Culture Shock: Language Differences

I love language! I’m a poet and an aspiring journalist; my minor is in creative writing..did I mention that I love language? Let’s talk about some British jargon that shocked me right into the culture.

 

  • Pants usually refers to underwear. I discovered this after a conversation at the dinner table when I┬áwas sharing my excitement about a new pair of pants that I bought. Should’ve said ‘trousers’ instead, to spare myself of the perplexed gaze from my flatmates.

 

  • ‘Cheers!’ is another way of saying ‘thank you’. When I hold the door open for someone, they’re not waiting to pull out a glass & have a toast on the spot.

 

  • ‘Ta!’ is yet another way of saying ‘thank you’

 

  • Chips are what I’d usually call fries. Crisps are what I’d usually call chips (Pringles and ting). Get it?

 

  • ‘Y’alright?’ Now I still don’t understand this one. It’s normal for a stranger to greet you by saying ‘Hi! Y’alright?’, and I’m usually ready to say “I’m fine, thanks!”, but they’re not usually expecting an answer. But then ┬ásometimes they do! I never know whether someone genuinely wants to know how I am, or if they’re just acknowledging my presence.

 

  • (the) Washing up‘ is actually a noun, referring to dirty dishes. While I might say that I’m about to ‘wash the wares’, a British person would say that they’re going to ‘do the washing up’. Accordingly, dishwashing liquid ┬áis called ‘washing up liquid’.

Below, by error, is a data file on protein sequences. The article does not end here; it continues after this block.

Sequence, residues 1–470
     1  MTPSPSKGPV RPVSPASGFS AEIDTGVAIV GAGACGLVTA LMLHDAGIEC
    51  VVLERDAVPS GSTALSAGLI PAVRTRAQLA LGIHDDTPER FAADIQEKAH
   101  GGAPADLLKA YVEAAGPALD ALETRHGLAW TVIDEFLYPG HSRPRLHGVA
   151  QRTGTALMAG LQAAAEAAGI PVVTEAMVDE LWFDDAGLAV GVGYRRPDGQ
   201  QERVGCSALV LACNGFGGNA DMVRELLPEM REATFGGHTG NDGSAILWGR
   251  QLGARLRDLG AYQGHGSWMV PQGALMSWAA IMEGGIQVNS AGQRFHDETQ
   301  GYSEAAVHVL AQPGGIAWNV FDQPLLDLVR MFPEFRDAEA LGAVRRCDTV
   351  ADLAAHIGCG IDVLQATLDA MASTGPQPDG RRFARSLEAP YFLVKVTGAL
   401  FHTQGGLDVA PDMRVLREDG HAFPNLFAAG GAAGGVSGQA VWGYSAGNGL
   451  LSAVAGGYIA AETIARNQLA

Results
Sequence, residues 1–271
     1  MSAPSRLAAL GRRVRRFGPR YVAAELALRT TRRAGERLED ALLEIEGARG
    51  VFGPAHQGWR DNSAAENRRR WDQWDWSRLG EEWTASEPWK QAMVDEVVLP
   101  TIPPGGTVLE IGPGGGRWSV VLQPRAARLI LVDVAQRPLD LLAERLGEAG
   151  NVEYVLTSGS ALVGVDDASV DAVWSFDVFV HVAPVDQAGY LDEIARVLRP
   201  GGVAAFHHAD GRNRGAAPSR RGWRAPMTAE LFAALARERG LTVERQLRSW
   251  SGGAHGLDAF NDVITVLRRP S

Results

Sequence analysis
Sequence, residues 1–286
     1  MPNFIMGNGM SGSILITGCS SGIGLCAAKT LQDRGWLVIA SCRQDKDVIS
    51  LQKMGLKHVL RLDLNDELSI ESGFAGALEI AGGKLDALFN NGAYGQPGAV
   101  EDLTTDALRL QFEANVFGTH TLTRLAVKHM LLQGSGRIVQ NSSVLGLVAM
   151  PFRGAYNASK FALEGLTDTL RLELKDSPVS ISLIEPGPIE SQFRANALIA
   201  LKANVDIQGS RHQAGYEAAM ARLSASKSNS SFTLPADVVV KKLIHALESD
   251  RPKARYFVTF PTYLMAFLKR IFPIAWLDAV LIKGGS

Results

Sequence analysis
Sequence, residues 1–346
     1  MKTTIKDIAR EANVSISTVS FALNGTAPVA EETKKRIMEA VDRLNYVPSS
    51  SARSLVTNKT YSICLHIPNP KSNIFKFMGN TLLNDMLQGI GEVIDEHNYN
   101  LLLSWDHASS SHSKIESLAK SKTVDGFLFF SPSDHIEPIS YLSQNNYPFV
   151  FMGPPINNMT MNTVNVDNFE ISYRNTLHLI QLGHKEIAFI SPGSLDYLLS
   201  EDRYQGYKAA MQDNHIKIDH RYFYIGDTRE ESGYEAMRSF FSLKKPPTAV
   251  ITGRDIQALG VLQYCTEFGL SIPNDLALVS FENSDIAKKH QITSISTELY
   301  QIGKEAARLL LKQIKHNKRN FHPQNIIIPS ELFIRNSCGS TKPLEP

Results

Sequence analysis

• Knackered means tired/worn,

 

  • Taking a piss/taking the piss essentially means that you’re making a fool out of something/someone (Trini equivalent would be a ‘mamaguy’). If someone asks “Are you taking a piss mate?”, they’re not asking about your urinary practices, but they’re essentially saying “Are you being serious?”. Someone from London might even say that you’re ‘boying it

 

  • ‘Pissed’ however, refers to a drunken state (e.g. she went out on Friday and got pissed)

 

  • To be sick usually specifies that vomit is involved, rather than a general feeling of unwellness. ‘Sick’ as a noun also refers to vomit itself (i.e. there was a bit of sick of the floor)

 

  • ‘To be poorly‘ is what I’d usually call being ‘sick’. This includes other symptoms like coughing

 

  • Soz’ was originally an internet slang for ‘sorry’, but you’ll find many young people saying it aloud, because saying sorry is in the British blood, so they needed to find a whole new way to present it sometimes

 

  • Tupperware refers to reusable plastic food containers

 

  • Crockery refers to plates, cups bowls etc

 

  • Fit refers to anyone who’s physically attractive. e.g. ‘Jane is well fit’. The young Londoners would call Jane a ‘peng ting

 

  • Buff, on the other hand, refers to just about anything good. This is another youthful London slang, and is a little bit confusing as you’d usually associate it with someone who’s muscular. But even a good meal can taste ‘buff’.

 

(This list is a working document, so I’ll keep adding to it, ever so often!)